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Page 1: Baby Jo - Bad Dudes vs. Dragon Ninja
Page 2: Badlands - Bangers and Mash
Page 3: Barbarian - Batman
Page 4: Batman the Caped Crusader - Beach Head
Page 5: Beach Head II - Big Foot
Page 6: Biggles - Bionic Commando
Page 7: Bionic Ninja - Blagger
Page 8: Blasteroids - Blueberry
Page 9: The Blues Brothers - Bob's Full House
Page 10: Bob Winner - Booty
Page 11: Bosconian 87 - Brainache
Page 12: Brainstorm - British Super League
Page 13: Bronx - Buggy Ranger
Page 14: Buggy II - Buster Block
Page 15: By Fair Means or Foul
Screenshot of Baby Jo

Baby Jo

(Loriciel, 1992)

Baby Jo is lost in the park, and his mother is worried about him, but being a strong and brave little baby, he makes his own way home. There are four levels which take Jo through the park and some caves and mine shafts, before emerging again in a housing estate and his mother's house. This is a jolly platform game which has 'cute' written all over it; the graphics in particular are marvellous and really colourful, and the scenery and the types of monsters that Jo faces are also cute. The levels are big and are divided into several sections; if you lose a life, you restart at the beginning of the section you died on. There are also passwords for each level, which is also very helpful. The only problem with the game is that there is no sound at all!

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Screenshot of Bachou

Bachou

(Central Solutions, 1986)

Back in the early days of the CPC, Central Solutions were well known for always releasing games that were truly abysmal, and this is no exception. Aliens have invaded Earth and are destroying the cities, and you must shoot them. How original is that? Each level takes place on the same single screen with four cities represented at the bottom. The aliens zoom around the screen, dropping bombs on the cities, and if they are all destroyed, the game is over. If you shoot enough aliens, you can go to the next level, which is more or less the same as the previous one. The graphics and sound effects are primitive and there's nothing to make you want to have another go at the game.

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Screenshot of Back to Reality

Back to Reality

(Mastertronic, 1986)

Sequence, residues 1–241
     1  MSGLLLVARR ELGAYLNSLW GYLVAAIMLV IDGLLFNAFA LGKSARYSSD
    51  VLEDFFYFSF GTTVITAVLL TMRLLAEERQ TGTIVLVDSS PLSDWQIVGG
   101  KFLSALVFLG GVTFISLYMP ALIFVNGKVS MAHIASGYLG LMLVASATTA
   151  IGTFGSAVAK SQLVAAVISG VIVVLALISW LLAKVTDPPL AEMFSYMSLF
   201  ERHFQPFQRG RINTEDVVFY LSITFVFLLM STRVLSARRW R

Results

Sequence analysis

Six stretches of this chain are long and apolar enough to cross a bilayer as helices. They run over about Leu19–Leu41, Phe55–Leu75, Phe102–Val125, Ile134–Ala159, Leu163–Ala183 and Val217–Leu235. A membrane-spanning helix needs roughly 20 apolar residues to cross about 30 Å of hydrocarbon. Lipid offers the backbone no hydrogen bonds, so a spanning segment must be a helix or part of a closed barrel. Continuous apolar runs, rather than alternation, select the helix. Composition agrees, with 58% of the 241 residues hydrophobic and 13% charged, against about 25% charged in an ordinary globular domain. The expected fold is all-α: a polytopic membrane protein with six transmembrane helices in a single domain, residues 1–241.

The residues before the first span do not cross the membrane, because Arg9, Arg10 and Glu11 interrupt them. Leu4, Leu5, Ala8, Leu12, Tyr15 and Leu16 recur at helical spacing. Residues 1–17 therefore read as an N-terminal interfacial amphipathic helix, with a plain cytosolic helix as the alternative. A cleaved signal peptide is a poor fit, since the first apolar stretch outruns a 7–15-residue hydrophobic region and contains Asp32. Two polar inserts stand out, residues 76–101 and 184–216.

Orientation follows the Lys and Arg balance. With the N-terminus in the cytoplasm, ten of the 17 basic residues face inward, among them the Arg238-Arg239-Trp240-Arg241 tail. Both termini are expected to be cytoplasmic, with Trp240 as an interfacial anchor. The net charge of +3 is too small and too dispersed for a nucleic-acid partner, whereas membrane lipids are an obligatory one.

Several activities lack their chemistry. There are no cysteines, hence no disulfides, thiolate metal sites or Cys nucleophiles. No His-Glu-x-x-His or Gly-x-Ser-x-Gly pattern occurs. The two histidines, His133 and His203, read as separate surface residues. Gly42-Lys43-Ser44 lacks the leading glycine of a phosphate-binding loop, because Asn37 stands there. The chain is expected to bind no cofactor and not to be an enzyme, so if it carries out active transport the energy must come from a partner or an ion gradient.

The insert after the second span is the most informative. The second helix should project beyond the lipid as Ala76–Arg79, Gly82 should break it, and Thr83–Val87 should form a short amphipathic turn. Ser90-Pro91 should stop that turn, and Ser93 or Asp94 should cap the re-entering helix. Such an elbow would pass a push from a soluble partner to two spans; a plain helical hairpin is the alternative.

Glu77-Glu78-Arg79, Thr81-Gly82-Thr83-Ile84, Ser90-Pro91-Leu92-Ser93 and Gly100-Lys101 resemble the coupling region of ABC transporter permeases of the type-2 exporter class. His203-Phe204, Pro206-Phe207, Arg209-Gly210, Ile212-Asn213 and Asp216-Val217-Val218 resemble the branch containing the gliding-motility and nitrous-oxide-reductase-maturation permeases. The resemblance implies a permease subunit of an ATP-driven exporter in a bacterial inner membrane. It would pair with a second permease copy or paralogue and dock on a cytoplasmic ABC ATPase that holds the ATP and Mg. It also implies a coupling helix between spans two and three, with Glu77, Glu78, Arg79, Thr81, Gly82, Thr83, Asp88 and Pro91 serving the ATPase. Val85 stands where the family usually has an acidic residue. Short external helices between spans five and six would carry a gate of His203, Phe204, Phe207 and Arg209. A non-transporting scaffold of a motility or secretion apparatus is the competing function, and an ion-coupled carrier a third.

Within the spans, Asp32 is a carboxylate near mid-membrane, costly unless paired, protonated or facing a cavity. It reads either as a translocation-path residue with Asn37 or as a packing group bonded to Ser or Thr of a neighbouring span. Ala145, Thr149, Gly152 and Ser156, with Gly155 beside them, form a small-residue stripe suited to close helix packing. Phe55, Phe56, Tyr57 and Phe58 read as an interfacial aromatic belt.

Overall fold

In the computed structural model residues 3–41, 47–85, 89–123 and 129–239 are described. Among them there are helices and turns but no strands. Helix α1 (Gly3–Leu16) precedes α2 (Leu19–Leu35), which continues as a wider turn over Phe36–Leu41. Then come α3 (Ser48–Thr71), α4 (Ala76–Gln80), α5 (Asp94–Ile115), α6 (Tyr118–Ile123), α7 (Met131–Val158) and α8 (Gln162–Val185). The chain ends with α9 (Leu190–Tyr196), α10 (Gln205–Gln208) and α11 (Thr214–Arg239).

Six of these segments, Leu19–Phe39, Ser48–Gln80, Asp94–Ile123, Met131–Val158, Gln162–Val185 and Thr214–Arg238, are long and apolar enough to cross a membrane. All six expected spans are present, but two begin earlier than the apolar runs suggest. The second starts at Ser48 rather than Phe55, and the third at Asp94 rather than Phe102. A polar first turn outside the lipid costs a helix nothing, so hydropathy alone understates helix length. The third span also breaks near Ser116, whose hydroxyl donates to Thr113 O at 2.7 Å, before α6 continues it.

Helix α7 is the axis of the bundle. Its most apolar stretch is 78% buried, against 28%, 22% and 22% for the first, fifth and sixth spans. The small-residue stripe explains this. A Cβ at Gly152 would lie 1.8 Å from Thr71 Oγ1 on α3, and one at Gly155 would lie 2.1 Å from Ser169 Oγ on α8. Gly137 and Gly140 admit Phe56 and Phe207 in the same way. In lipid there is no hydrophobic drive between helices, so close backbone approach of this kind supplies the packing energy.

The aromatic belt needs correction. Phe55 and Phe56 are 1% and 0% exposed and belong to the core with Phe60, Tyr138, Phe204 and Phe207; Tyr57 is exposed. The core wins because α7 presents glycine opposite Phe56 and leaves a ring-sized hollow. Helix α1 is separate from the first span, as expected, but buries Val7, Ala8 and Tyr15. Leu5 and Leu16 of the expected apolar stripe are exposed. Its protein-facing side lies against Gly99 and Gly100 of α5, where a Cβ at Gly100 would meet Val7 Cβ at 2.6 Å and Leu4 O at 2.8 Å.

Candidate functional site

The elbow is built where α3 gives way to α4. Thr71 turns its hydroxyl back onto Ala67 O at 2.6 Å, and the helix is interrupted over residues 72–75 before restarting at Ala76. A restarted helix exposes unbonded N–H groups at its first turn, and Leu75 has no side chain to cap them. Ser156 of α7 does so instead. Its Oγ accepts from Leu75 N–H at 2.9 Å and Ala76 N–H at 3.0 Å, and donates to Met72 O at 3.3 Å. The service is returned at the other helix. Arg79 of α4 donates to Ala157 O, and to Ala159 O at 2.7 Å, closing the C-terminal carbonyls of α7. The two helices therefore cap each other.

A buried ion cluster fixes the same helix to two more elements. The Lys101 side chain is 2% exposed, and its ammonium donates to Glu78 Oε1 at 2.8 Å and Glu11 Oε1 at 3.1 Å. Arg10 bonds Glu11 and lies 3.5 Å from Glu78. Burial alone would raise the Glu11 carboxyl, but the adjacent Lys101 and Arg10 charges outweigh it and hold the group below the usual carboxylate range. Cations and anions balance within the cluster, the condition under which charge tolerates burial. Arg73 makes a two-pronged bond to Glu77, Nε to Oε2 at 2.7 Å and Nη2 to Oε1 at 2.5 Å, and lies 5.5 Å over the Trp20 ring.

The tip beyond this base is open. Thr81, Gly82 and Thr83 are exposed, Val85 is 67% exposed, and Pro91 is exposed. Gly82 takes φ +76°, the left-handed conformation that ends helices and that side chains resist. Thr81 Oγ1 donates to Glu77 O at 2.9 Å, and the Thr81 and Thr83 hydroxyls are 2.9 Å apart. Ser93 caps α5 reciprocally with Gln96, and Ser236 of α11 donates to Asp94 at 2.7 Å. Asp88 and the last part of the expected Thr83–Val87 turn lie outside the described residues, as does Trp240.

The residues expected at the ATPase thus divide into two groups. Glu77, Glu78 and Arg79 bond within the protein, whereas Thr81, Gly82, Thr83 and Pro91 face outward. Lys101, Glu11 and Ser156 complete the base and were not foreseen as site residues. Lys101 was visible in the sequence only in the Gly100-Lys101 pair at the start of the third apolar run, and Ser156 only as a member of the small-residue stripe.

The ship in which you are travelling has entered a black hole and emerged into a parallel universe. You have to get it back into the real universe by somehow making antimatter and combining it with matter. This is an adventure game which involves collecting objects and turning them into new objects, from which you eventually end up making antimatter. You'll need to be rather good at science to work out all the puzzles! You've also got a limited supply of oxygen which will need to be replenished frequently. The graphics are OK but the music (if you can call it that) is terrible, the man you control walks much too slowly, and at the end of the day, the game really isn't all that interesting.

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Screenshot of Back to the Future Part II

Back to the Future Part II

(Image Works, 1990)

Reviewed by Pug

We've all seen the movie, so there's no need to explain the premise behind this one. The game opens with the hoverboard chase, which looks very dull in monochrome, where you race to the town hall while taking on Biff's cronies. The second level looks more appealing graphically, as you help Jennifer leave the house unnoticed. A dull monochrome beat-'em-up follows this, leading to an animated sliding puzzle game. The final level is similar to the first one. The graphics vary, the music is good, but the game doesn't work too well, as some of the stages are sluggish.

See also: Back to the Future Part III.

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Screenshot of Back to the Future Part III

Back to the Future Part III

(Image Works, 1991)

Reviewed by Pug

Image Works got their act together with this game and made better use of the CPC. Again, great presentation upon loading followed by good visuals. In this one, you are chasing the train in order to save Dr. Brown's sweetheart. You start on horseback, which is well animated, and travel along entering various towns. The scene changes to a 2D shoot-'em-up with cowboys and Indians. Beyond this, you face Mad Dog's gang in an isometric shootout. This game is a great improvement on the previous one. The graphics and sound are all spot on.